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Caledonia and Orange counties now eligible for FEMA individual assistance

State and federal officials announced Friday that Caledonia and Orange counties are now part of the Federal Emergency Management Agency's disaster declaration for Vermont's recent flooding.

Residents in those counties are eligible for FEMA individual assistance. They join Chittenden, Lamoille, Rutland, Washington, Windham and Windsor counties.

Gov. Phil Scott and other officials urged people to continue reporting flood damage to their homes, businesses and property to 2-1-1.

Report damages here.

The governor says this data is what FEMA uses to determine whether a county has seen sufficient damage to be included in a disaster designation.

Orleans County is still not part of the disaster declaration, despite serious damage in communities like Coventryand Barton.

 A photo of a flooded town.
Town of Coventry
Coventry is among the Vermont towns to experience historic flooding this month.

State officials urged people in Orleans County and others not currently part of the disaster declaration to continue to file damage reports using 2-1-1, for everything from flooded cars to damaged driveways to flooded basements and garages.

The governor said that reporting even minor damage to your own property may help unlock key funding to support a neighbor or other community member in recouping major losses to their property and belongings.

Making the call does NOT commit an individual to anything. It just contributes to the data available for FEMA and other state and federal agencies to understand the level of need in your community.

 A photo of mud and water covering a backyard of a blue house, with a broken trampoline in the foreground. The cloud in the sky reflects in the water on the ground.
Elodie Reed
Vermont Public
The backyard of Gisele Pion's house, who was among the Derby residents to experience serious flooding after Sunday night's heavy rain. Homeowners in Orleans County are still not eligible for federal assistance.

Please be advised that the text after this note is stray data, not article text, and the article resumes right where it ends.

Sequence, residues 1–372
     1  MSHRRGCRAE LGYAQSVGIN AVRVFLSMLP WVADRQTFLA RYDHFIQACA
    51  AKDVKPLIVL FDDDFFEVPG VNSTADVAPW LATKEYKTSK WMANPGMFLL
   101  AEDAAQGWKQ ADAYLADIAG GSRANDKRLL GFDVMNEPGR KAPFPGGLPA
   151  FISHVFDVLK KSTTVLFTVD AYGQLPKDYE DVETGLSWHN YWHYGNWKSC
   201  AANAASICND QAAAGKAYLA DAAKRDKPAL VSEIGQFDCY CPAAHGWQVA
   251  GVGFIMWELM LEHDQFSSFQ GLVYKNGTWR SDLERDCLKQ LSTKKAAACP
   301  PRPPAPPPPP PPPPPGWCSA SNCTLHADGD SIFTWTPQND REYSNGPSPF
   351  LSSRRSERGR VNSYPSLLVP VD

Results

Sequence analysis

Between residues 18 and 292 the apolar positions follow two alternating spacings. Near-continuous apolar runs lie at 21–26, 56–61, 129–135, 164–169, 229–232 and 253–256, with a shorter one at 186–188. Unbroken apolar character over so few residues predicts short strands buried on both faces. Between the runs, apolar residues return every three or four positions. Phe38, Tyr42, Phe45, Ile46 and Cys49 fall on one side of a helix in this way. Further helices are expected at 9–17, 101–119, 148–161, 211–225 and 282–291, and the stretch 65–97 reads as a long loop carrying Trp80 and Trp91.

New relief coming:

  • The USDA has issued a natural disaster declaration for all 14 Vermont counties for crop damages from the historic May freeze. The agency is still reviewing Vermont’s application for a declaration due to flooding damages. 
  • To date the state has reported: 9,424 acres of lost crops, impacting about 200 farmers and producers. Farmers should continue to report damages to the USDA and 2-1-1. This could help unlock further assistance for farms. More info about how to report farm damage here.
  • Next week the state is launching a $20 million grant program for businesses physically impacted by flooding. Called the Business Restart Gap Assistance Program, the goal is to help businesses reopen and pay employees until more resources are available. More details on this coming next week.
 A person pushes mud across a floor with a broom inside a restaurant
Brian Stevenson and Kyle Ambusk
Vermont Public
Cleanup at Arandas Mexican Cuisine in Montpelier on Tuesday, July 11.

Key takeaways for individuals and business owners:

  • Individuals in Chittenden, Lamoille, Rutland,  Washington, Windham and Windsor counties have until Sept. 12 to file for assistance from FEMA. Read our guide for how to do this here.
  • Individuals in Caledonia and Orange counties have 60 days from July 21 – until Sept. 19 –  to apply for individual assistance from FEMA. 
  • Businesses in counties with disaster declarations are eligible now to apply for Small Business Administration loans. State officials acknowledged this is not enough, and said securing more funding will be up to Vermont’s congressional delegation.
  • Officials are urging Vermonters who were flooded to move their unsalvageable debris into the right-of-way for public collection as soon as possible. If you weren’t impacted, they recommend helping your neighbor do this work. Collection windows are limited and getting debris out of the streets will help towns move forward with clean-up and recovery.
  • The Vermont Strong license plates are coming back, with a new design. More information on this in the coming days.

Flooding recovery assistance and other key resources

View or share a printable PDF version of these resources.

      Abagael is Vermont Public's climate and environment reporter, focusing on the energy transition and how the climate crisis is impacting Vermonters — and Vermont’s landscape.

      Abagael joined Vermont Public in 2020. Previously, she was the assistant editor at Vermont Sports and Vermont Ski + Ride magazines. She covered dairy and agriculture for The Addison Independent and got her start covering land use, water and the Los Angeles Aqueduct for The Sheet: News, Views & Culture of the Eastern Sierra in Mammoth Lakes, Ca.
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